Digital innovation required creatives to look for novel ways to sell and display their work. And while many individuals support the use of technology in the distribution of art, like artificial intelligence (AI) and the Internet of Things (IoT), they have doubts about technology's capacity to create art. They believe such works will be unoriginal and often lack originality.
In some cases, technology has made things even better for the people involved. In the online gaming industry, for example, they have used technology and VR software to make the user experience better and the games more immersive. Sites where you can play online bingo for real money
, have added features such as virtual reality, AI recognition, and live chat to socialize with other players from around the world to make gaming more interactive.
This article talks about how combining technology and the arts will lead to new ways of making, showing, protecting, and selling works of art. Perhaps it will motivate you to use artificial intelligence as a way to realize your ideas too.
Creating Art with AI
In recent years, Christie's art auction house sold the first piece of AI-created art for $432,000. The Portrait of Edmond Belamy
is an artwork with a blurry face. Most of the time, generative adversarial networks (GANs) make this kind of weird and twisted art. This artwork might seem strange at first; however, some human artists have purposefully made similar works of art. Think about Francis Bacon's distorted portraits, like Three Studies of a Portrait of Henrietta Moraes.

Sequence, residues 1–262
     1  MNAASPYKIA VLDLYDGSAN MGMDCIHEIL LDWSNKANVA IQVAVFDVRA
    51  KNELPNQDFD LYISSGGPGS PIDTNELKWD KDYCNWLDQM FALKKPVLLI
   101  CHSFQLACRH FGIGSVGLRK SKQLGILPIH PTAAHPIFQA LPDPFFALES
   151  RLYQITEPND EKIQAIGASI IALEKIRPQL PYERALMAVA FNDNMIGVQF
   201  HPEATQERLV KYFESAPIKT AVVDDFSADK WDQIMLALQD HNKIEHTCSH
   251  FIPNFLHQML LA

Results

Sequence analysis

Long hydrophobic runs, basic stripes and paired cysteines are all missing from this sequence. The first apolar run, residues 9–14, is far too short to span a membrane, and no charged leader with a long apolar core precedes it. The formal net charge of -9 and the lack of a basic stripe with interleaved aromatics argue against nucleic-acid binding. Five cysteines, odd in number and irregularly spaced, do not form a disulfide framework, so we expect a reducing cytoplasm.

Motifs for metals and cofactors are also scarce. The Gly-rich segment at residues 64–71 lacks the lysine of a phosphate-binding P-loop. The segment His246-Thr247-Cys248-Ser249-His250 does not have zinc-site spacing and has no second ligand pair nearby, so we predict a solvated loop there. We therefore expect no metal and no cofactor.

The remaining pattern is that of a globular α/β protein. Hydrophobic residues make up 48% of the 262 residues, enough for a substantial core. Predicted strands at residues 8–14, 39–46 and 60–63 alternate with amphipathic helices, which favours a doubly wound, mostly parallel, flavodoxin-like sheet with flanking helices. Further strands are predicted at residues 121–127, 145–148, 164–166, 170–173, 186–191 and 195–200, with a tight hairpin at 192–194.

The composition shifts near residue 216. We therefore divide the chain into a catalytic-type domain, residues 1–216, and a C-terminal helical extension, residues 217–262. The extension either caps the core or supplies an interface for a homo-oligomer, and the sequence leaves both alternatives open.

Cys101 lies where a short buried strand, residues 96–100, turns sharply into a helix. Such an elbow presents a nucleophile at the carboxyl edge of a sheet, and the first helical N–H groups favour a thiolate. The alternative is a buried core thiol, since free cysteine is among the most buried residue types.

Artificial intelligence-generated art has the potential to closely resemble human works of art as well. The AICAN tool is one illustration; it was trained on 100,000 works of art by well-known artists like Bruegel and Rembrandt. Many other innovative AI-powered apps can assist artists in creating paintings, too.
Making Art with Robots
Robots are used in the art world in many different ways, from small robots that follow simple instructions to independent robot artists who can make art that looks like it was made by a human. A robot that moves about on a canvas while leaving a colourful trail was made by artists Julian Adenauer and Michael Haas. This artwork is mounted on the Berlin Gallery wall. While the robot continues to move, it changes every day, incorporating colour in response to Haas's notion of creation, "the process of creation is ideally unending."
AR and VR Are Aiding Artists
The first areas to benefit from extended reality were the gaming and entertainment sectors. Soon, galleries, museums, and individual artists began to work with VR and AR development organizations.
The work of the Japanese artist Nubumichi Asai
is one of the earliest examples of augmented reality in the arts. To design an application that casts patterns on a moving face, he enlisted the help of a group of technology specialists and cosmetic artists. This programme can recognize a person's face and project solely within its precise boundaries.